Sunday, June 15, 2008
Review – Day of Wrath
June 15, 2008
Day of Wrath – Denmark, 1943
It is 1623, and all it takes is three witnesses. Three witnesses lead to suspicion, three witnesses create a presumption of guilt, and three witnesses condemn a person to burn at the stake. Cries of a lack of evidence fall on deaf ears, and personal weaknesses are excused as being the result of sorcery or witchcraft. It is 1623, and society is at its most paranoid and least logical.
As Day of Wrath begins, two women are talking. One appears to be mixing a medicine much like witches in childhood fairy tales do. In the distance, a crowd approaches, chanting the refrain that has come to be recognized as indicating that a resident of the town has been accused of being one of Satan’s servants. The second woman sneaks away, lest she be seen with a woman who speaks of the power of evil. The other woman, referred to as Herlofs Marte, quickly dons a long cape to conceal her identity with. The throng of people is coming for her, and she, apparently not surprised by this development, sneaks away to find sanctuary. She does so at the home of the Reverend Absalom Pedersson, where she is hidden by the Reverend’s young wife, Anne. Anne is at first hesitant, but upon being told that Marte helped Anne’s mother, she agrees to hide Marte. Unfortunately, Anne’s much older husband does not show much interest in protecting Marte, allowing authorities to search his house and ultimately find and arrest Marte.
Marte’s “trial” is a charade. Her hands tried behind her back, Marte is subjected to a torture that her frail, older body cannot endure. Upon being given a moment’s respite, she is asked pointed, leading questions. For instance, she is asked not if she saw the Devil or if He speaks to her, but when she first saw him and how often he speaks to her. Her guilt is therefore not up for debate; instead, it is a foregone conclusion. To her interrogators, Marte has two options. She can confess and have a chance of being forgiven for her sins before she is burned at the stake or she can continue to deny what her inquisitors already “know” to be the truth and prolong her own agony. It is not unexpected that she “confesses.” What is shocking is the response that it elicits: “A fine confession.”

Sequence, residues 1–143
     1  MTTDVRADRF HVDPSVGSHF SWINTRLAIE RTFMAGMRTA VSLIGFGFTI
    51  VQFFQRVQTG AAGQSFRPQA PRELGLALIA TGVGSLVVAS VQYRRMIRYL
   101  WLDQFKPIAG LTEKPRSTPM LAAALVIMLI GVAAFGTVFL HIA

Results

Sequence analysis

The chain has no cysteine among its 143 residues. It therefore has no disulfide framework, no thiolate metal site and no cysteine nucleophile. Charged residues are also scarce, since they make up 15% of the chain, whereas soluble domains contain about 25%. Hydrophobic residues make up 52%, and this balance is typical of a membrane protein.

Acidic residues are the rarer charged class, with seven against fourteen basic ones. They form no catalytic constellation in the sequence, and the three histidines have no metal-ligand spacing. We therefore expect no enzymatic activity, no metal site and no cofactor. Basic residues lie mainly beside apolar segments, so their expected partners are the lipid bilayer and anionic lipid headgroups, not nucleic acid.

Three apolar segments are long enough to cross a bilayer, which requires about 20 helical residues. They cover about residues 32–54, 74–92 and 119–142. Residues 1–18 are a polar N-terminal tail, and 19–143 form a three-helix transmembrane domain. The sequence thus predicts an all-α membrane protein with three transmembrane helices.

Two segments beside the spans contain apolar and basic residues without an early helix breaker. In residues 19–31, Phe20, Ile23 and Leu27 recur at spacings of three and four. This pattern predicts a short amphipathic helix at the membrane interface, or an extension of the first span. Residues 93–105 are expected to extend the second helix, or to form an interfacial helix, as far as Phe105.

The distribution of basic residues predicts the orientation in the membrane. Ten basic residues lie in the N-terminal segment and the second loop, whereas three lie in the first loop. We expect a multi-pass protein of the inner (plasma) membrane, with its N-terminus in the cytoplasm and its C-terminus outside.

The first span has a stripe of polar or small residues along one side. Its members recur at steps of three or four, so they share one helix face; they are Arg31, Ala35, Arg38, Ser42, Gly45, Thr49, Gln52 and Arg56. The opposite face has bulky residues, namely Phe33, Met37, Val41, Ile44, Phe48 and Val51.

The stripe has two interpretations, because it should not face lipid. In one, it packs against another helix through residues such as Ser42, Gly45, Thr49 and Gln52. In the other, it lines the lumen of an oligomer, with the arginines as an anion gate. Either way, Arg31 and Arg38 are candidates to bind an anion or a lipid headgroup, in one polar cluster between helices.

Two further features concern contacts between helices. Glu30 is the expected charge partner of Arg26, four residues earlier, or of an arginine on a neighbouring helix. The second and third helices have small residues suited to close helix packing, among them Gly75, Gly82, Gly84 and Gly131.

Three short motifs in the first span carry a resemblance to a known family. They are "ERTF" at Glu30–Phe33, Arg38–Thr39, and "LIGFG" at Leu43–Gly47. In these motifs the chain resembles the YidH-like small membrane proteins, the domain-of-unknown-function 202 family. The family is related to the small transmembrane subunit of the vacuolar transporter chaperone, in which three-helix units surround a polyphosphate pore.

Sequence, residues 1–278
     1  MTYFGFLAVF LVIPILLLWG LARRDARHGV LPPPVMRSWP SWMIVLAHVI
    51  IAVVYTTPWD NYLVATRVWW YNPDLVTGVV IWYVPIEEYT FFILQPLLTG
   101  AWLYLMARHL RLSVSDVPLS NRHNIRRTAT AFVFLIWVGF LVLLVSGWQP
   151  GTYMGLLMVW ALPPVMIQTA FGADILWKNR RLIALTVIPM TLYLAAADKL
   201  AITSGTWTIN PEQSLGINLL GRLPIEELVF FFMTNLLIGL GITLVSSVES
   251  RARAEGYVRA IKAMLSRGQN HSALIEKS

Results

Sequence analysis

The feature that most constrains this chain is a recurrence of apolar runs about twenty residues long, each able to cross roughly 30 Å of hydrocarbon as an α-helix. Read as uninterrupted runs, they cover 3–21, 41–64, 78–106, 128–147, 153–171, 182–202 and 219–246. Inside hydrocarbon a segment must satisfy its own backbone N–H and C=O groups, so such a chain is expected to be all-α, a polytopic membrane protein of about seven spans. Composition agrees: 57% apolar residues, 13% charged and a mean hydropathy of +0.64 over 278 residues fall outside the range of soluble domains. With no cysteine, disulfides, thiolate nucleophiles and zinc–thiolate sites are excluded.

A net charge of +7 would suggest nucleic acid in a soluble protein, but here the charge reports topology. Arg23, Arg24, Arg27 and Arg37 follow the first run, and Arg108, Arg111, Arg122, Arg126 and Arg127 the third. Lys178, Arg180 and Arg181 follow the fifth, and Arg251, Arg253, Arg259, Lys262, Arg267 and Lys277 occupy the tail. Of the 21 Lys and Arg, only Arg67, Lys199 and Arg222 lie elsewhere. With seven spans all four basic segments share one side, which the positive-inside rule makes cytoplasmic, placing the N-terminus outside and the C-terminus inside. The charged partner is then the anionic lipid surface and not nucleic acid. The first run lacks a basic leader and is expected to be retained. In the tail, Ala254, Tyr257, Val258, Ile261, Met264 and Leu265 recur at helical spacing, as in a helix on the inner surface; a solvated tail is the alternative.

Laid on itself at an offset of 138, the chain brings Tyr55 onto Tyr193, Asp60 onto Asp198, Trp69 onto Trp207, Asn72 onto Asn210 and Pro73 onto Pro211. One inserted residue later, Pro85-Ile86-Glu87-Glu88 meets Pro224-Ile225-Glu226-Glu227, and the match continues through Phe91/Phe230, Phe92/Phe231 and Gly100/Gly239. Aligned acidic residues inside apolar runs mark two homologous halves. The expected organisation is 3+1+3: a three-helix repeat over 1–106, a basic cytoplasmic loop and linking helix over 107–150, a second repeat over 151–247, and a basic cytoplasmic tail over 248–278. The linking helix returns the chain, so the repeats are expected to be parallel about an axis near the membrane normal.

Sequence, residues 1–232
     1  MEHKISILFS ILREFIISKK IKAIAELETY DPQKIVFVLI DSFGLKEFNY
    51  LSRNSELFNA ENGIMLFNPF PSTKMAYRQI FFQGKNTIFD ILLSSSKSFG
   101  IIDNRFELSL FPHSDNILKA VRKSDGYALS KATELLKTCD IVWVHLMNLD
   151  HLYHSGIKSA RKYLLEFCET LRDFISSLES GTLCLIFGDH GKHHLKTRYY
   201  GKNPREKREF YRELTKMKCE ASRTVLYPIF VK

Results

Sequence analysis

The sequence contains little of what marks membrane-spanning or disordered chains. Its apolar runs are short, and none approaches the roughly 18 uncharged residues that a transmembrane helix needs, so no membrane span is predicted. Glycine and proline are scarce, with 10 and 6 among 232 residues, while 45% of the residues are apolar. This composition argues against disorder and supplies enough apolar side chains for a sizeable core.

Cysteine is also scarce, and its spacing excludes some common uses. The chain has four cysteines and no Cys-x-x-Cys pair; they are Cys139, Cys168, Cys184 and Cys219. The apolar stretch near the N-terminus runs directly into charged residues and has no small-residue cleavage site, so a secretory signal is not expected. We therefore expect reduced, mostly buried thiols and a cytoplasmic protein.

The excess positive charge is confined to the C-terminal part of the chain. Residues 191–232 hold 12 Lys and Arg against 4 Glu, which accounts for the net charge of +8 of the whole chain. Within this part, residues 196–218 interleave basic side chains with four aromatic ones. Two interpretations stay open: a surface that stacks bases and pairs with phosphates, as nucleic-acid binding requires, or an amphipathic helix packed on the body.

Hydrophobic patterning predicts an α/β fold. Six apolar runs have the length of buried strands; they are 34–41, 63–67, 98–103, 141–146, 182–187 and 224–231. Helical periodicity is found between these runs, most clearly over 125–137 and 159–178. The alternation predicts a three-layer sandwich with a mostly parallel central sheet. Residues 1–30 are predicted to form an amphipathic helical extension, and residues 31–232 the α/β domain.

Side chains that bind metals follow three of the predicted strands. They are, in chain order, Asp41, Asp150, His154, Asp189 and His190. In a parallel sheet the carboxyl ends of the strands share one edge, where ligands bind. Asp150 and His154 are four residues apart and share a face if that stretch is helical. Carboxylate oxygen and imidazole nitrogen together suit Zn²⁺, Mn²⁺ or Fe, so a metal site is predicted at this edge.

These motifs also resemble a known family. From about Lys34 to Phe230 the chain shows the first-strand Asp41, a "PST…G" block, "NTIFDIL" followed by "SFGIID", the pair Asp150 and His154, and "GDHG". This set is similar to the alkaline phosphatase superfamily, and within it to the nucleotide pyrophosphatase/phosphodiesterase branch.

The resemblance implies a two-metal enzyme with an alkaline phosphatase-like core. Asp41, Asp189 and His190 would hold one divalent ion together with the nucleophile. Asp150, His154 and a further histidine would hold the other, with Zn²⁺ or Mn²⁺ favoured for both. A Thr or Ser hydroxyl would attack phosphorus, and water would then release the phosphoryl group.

Much of Dreyer’s film has to do with the complex relationships of those in the Reverend’s family. For example, the Reverend’s mother detests Anne, even claiming at one point to seeing her eyes burn, as if possessed by those from the Netherworld. The Reverend himself is a man of compromised principals, having used his power as the Notary of the Chapter to save Anne’s mother from being burned alive, an act that netted him a prize, Anne herself. And then there’s the Reverend’s son, Martin, a man Anne’s age who is asked to consider someone who could very likely have been a classmate of his as his new mother. To Anne, Martin is somewhat more of a potential suitor than her son. Add to this, their apparent similar opinions of the madness surrounding them, the way that Anne easily falls into his arms, and their obvious attraction, and you’ve got all the makings of an affair during an extremely dangerous time for women. Shadowing over them somewhere is the ghost of Marte, who before she died promised to create suffering for her tormentors.
In Day of Wrath, Dreyer paints a picture of a world in which the illogical is seen as plausible. Marte, while denying that she herself is a witch, admits to the existence of witches. Even Anne herself wonders whether she is indeed one; she even begins rhythmically chanting Marte’s name, as if she has the power to call up the dead. Does she truly believe she is a witch, or does the possibility fill her with a sense of power that she does not have in her daily life?
What can be said of people whose beliefs are such that the notion of a plump, non-threatening woman having the power of invocation seems logical? What can be said of men who think nothing of having a group of young children present and singing in plain view of a death sentence? They are in a way victims of their own attempts to bring order to a world that they are struggling to control and preserve. These attempts have made witches of women who seem the slightest bit out of the ordinary, and during this time, wanting or enjoying physical pleasure would have been seen as the act of someone deranged or enchanted, not of someone seeking to find happiness. And it is in this very situation that Anne finds herself, her only hope being that her knight in shining armor will not abandon her in her time of need. It is a long shot at best. (on DVD from Criterion Collection)
*Day of Wrath is in Danish with white, English subtitles.